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That’s the panel over but I’ve got a little more time with Neil to go over some of this and find out more about himself, his comics and TPub.

Watchmen logo 1600x1202 (2) As it turns out Neil never intended to be a writer, of comics or otherwise. In fact, as mentioned, he’d very much bought into the idea that comics were something his younger self read and not the twenty-something he then was. That was until he was introduced to Watchmen and then Vertigo with the likes of Neil Gaiman, Garth Ennis, Grant Morrison et al. GN - Sandman V1
As a management consultant in Qatar, away from family and friends, he found he had time on his hands and began scripting what became Twisted Dark, a collection of individual stories that are somehow connected.

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People loved it: it went to number one in the Kindle charts. Back then, for want or need of anything else to call it, it was just Neil Gibson comics. But the sales of his work clearly got the entrepreneur in him thinking.

CBP - Twisted Dark V1 Because Management Consultancy is a well paid profession, and surely a job that he would have enjoyed in its own right. But to run a comics company…
‘It would like being on holiday every day,’ he says and, while doubtless being a little more involved than that and of course of some risk, that’s what he decided to do.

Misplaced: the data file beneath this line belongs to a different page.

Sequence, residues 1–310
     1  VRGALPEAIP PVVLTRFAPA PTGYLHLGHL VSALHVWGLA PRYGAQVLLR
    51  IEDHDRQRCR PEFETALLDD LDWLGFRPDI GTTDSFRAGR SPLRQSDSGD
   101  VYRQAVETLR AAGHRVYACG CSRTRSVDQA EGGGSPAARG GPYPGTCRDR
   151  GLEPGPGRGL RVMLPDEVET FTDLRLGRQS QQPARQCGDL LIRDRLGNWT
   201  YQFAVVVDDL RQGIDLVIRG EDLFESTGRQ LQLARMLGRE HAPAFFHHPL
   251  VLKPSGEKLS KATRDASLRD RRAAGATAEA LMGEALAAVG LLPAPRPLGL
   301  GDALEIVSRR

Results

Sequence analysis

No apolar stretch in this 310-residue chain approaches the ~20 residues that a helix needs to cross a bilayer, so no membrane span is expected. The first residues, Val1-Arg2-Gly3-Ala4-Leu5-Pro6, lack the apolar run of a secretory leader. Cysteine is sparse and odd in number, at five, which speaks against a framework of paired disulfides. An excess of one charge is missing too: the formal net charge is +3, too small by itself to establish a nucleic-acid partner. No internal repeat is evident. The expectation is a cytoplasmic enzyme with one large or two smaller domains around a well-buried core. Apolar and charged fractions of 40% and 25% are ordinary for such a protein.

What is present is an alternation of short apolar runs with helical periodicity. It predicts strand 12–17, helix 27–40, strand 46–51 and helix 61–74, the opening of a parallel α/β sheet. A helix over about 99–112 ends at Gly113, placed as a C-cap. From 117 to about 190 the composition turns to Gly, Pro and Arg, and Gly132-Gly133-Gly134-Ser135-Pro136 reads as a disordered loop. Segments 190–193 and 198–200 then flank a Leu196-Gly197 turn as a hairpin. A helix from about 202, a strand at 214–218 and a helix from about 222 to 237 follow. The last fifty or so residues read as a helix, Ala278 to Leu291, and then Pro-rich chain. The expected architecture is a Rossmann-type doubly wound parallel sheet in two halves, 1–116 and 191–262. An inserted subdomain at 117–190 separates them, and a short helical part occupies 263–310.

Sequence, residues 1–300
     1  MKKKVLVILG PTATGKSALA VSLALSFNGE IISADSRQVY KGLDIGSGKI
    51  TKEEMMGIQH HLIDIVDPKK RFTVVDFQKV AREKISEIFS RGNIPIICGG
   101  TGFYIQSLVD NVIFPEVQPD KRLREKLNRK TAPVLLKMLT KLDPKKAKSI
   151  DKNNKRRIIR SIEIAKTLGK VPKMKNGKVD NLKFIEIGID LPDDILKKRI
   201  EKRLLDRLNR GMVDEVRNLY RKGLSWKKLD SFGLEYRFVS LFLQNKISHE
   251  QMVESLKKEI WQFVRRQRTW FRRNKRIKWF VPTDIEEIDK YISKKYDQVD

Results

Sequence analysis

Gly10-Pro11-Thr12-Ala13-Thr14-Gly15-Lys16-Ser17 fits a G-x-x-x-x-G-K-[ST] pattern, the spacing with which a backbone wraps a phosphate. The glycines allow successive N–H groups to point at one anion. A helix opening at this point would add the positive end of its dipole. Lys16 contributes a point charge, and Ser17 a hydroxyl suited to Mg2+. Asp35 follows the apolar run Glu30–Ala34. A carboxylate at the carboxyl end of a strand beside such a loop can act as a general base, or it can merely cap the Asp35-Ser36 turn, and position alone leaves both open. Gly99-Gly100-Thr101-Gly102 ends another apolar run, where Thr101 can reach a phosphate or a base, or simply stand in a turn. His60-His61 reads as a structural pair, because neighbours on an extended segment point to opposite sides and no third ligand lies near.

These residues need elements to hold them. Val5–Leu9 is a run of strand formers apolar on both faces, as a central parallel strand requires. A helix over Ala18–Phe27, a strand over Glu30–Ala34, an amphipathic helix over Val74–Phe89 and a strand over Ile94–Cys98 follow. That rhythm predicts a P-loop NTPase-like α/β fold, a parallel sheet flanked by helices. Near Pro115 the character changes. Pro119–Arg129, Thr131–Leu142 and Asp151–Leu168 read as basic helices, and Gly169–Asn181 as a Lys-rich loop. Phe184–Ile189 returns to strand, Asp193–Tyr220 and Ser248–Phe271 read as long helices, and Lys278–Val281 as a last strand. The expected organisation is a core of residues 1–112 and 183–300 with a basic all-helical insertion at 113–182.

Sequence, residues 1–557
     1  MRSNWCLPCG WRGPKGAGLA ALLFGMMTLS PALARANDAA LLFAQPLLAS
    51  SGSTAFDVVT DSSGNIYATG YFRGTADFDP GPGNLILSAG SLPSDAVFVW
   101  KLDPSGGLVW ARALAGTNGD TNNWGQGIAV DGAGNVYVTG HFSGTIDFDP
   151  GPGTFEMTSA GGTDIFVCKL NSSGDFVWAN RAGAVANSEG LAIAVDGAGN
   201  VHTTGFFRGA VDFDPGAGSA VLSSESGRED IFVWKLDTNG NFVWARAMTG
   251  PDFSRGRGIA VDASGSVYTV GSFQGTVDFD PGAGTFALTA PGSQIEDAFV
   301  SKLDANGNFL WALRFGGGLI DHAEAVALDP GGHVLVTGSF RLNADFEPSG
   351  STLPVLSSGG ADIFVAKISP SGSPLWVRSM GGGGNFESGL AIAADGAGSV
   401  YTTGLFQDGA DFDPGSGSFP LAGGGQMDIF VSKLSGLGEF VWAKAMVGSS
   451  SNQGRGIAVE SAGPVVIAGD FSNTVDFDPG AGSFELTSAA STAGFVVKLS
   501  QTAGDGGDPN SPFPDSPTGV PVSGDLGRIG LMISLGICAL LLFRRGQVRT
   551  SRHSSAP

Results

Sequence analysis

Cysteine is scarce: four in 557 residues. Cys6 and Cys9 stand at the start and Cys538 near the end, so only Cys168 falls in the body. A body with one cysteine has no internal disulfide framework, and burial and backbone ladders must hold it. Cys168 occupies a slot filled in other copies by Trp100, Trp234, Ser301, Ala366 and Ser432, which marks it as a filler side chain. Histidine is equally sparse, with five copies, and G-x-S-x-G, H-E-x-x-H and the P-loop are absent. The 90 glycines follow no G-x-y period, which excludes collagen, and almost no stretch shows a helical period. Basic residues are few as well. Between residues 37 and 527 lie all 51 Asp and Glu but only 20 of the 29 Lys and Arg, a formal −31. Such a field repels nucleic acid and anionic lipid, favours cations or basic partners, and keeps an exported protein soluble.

Neil Gibson Comics wasn’t sufficient for what he had planned; he decided on TPub for what is now his comics company. It’s comparatively early days but, aside from promoting the virtues of comics, what would Neil like TPub to one day be? A marque brand for the medium, producing the kind of quality comic that inspired him and broke his preconceptions of it. Because, sure Neil likes the writing and there’s no little appreciation for what he’s done. But, refreshingly, it’s discovering and publishing the talent that Neil really wants to do.

In fact having just checked in on their site again I noticed, with a grin, that they’ve added a recommendations page. They’ve broken down the medium into genres, each member of the team demonstrating their knowledge and command of the comic scene with recommendations across all publishers. Good for them.

But what’s that? A column showing TPub’s own plans and product publication schedule in those same categories? That’s particularly why I’m grinning.

I heard of TPub less than 5 months ago.

And already things are moving…

 

Check out TPub’s site, Neil’s graphic novels and upcoming plans and publications at: www.tpub.co.uk

 

And we caught up with Neil again at London Super Comic Con in 2016 – check out more about and the latest from TPub in that here!

 

More articles from the London Book Fair 2015:

A Coffee with… KARRIE FRANSMAN! At the London Book Fair 2015

Why the Graphic Novel? Panel coverage from The London Book Fair 2015

The London Book Fair: An Author’s Perspective by Chele Cooke